Since then, Arias has made a name for himself as a singer/performance artist/cabaret diva, still a hybrid, indefinable figure. During the 2000’s, he spent five years as the MC on the erotic Las Vegas Cirque du Soleil show Zumanity, and later was the center of the surreal puppet-performance fantasy Arias with a Twist (for dark puppet master Basil Twist), which got rave reviews in New York.

Perhaps his best-known act is singing – “channeling” he calls it – the songs of Billie Holiday. For a while, he did this in a suit and blonde wig, until he found that he could get more money and attention if he dressed like the jazz chanteuse. “I started getting offers to do a Billie Holiday show in drag, and the money was ten times more than if I was a guy,” Arias says. “But it was great. I would put on gowns and get all dolled up, and the respect you got, the way people looked at you – people were like wow this is a classy broad.”

But his core attraction is to the tragic jazz legend herself.

“I’m not there to impersonate – I don’t do Judy Garland,” Arias says. “Billie is my only person. I feel like our lives are very parallel. I’ve read many books on her, known people involved with and close to her. She was a very classy lady who helped a lot of people. And they took advantage of her too. I just feel like whatever made Billie made me.”

Arias hasn’t decided yet what he’ll sing in Miami; a little Billie, some originals, some remakes of psychedelic 60’s pop. (He’ll be joined by two of his favorite musicians, a guitarist and bassist. “They’re so out there and amazing, they’re both heterosexual good looking guys who love working with me. We have a ball cause we’re all in tune musically.”) Or how he’ll look – he’s experimenting with a new, decadent Weimar cabaret inspired image, an alternative to the Bettie Page and jazz diva personas that have been his standbys. never happen. People are too aware – they’re not going to go back.”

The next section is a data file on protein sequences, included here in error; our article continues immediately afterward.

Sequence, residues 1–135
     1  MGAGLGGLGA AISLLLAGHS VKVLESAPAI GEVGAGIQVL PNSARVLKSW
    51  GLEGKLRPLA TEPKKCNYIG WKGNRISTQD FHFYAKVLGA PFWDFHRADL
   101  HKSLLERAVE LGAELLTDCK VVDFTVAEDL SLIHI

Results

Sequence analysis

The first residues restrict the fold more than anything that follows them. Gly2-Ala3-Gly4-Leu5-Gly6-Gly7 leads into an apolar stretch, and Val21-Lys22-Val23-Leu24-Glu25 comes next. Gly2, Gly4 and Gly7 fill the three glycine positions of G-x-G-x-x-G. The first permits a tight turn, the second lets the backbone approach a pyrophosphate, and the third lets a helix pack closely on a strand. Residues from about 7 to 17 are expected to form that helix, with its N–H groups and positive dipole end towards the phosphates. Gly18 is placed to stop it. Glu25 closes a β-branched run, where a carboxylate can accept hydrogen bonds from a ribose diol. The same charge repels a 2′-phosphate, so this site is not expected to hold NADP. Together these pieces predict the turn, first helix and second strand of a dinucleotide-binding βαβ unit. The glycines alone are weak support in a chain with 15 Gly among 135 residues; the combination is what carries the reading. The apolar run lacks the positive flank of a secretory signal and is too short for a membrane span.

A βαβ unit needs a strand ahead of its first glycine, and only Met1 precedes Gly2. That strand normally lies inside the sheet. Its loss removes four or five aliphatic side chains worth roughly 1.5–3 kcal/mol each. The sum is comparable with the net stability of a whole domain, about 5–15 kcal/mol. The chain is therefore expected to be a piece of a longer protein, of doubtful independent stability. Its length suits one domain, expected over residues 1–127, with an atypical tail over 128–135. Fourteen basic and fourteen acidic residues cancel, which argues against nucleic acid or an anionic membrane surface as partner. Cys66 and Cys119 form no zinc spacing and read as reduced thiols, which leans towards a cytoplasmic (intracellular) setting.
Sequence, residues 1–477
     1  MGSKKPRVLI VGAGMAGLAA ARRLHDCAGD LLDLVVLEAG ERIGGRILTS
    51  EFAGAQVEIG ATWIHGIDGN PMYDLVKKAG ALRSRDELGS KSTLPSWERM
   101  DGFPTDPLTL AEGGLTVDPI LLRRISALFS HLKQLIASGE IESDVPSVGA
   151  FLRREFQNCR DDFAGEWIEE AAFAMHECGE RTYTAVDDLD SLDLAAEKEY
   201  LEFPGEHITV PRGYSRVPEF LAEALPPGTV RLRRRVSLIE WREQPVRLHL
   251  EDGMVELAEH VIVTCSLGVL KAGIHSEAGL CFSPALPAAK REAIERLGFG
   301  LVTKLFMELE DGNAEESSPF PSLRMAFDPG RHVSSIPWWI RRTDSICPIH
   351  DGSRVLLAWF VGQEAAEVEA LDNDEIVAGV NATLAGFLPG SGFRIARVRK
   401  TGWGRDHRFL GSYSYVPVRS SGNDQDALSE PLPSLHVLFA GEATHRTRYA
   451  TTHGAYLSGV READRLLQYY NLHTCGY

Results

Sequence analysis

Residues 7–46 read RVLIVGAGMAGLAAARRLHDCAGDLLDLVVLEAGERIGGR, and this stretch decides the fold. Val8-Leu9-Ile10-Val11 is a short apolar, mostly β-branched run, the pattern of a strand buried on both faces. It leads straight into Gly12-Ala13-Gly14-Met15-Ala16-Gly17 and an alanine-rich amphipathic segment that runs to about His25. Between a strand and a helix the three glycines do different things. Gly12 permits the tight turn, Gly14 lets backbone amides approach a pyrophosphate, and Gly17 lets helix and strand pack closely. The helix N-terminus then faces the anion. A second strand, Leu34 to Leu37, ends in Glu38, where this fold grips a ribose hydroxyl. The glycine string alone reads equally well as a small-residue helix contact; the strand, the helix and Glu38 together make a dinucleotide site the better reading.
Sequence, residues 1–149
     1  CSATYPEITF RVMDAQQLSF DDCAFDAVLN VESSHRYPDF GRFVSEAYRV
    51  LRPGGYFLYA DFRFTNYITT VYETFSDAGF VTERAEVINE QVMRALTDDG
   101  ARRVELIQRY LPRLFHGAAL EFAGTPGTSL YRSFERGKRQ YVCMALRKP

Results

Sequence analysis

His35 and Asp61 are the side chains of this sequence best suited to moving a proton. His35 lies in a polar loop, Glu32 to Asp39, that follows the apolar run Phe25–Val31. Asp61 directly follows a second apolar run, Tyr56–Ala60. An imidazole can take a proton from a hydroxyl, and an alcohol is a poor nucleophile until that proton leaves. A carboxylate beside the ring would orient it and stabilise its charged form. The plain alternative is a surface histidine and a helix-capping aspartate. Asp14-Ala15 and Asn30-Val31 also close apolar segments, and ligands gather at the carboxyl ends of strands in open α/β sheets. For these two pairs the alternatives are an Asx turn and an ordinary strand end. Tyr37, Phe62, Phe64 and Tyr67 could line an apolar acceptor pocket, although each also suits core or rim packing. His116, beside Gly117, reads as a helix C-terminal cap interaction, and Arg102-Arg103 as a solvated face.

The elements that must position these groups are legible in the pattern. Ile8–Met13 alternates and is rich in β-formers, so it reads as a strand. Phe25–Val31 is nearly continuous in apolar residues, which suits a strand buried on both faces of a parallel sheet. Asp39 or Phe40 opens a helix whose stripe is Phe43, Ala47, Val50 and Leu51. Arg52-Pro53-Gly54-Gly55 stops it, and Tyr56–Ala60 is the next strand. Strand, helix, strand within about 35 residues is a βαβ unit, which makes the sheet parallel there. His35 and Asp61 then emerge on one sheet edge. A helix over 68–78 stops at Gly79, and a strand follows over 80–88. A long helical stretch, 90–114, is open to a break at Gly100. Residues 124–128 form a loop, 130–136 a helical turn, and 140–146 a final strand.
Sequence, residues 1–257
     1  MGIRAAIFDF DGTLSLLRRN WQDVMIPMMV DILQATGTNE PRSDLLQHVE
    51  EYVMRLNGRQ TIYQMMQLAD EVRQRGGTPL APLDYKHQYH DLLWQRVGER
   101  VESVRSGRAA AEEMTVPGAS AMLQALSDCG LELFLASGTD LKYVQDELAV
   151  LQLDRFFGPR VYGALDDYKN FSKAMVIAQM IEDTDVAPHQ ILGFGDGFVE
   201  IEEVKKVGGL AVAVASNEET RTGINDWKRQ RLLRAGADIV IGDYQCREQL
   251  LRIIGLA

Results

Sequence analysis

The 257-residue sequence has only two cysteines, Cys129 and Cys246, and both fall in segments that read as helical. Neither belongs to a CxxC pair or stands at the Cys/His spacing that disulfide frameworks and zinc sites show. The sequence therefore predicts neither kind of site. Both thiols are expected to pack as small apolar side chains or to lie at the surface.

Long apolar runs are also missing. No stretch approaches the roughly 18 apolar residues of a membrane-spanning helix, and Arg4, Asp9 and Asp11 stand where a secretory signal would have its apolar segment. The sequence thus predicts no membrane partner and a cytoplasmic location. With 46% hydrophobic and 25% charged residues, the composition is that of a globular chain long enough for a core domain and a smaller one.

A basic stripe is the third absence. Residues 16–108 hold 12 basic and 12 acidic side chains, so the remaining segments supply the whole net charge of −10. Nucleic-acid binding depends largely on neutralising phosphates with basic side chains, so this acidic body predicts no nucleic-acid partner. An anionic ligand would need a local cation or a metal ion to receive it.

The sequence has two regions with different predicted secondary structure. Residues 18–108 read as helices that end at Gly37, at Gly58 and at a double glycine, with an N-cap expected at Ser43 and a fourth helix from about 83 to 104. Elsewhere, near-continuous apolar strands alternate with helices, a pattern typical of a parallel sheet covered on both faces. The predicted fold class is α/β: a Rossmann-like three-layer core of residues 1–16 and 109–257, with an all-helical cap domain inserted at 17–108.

(Out in the Tropics, which showcases LGBTQ artists and performance, will also feature La Shica, a Spanish activist, fusion-flamenco singer, on Thursday and Krudas Cubensi, a lesbian hiphop duo from Cuba living in Austin, Texas, on Saturday.)

And he’s still coming up with new ideas – like the show he’s formulating with fashion designer and longtime friend Thierry Mugler – a beyond-drag fantasy with sci-fi elements. “We’re looking for producers,” Arias says. “It’s going to be ahead of its time!”

Joey Arias. Photo by Heath McBride.

He’s aware, but unafraid, of the return of bigoted and homophobic attitudes in the age of Trump.

“There’s still hateful people who see queens and freak out,” he says. “But I never believe in going backwards. It’s the 21st century. I tell people I’m from the 23rd century. We’re out there. No one’s going to go back in the closet, ever, period. That will

Despite frequent visits from a MOMA curator about the Club 57 exhibit, which promises to bring a burst of attention for him and that scene, Arias doesn’t indulge in nostalgia.

“This new generation coming through, you have to accept it and love it,” he says. “This is a new thing – let’s have fun with it. If you start going back “oh it wasn’t like that in my day, in my time we did it this way” you’re done. I never talk like that.”

Joey Arias performs at 8:30 p.m. Friday at the Gleason Room at the Fillmore Miami Beach, 1700 Washington Ave., Miami Beach. Tickets $30 at ($5 discount for students, seniors, and Miami Beach residents with ID, at box office only.)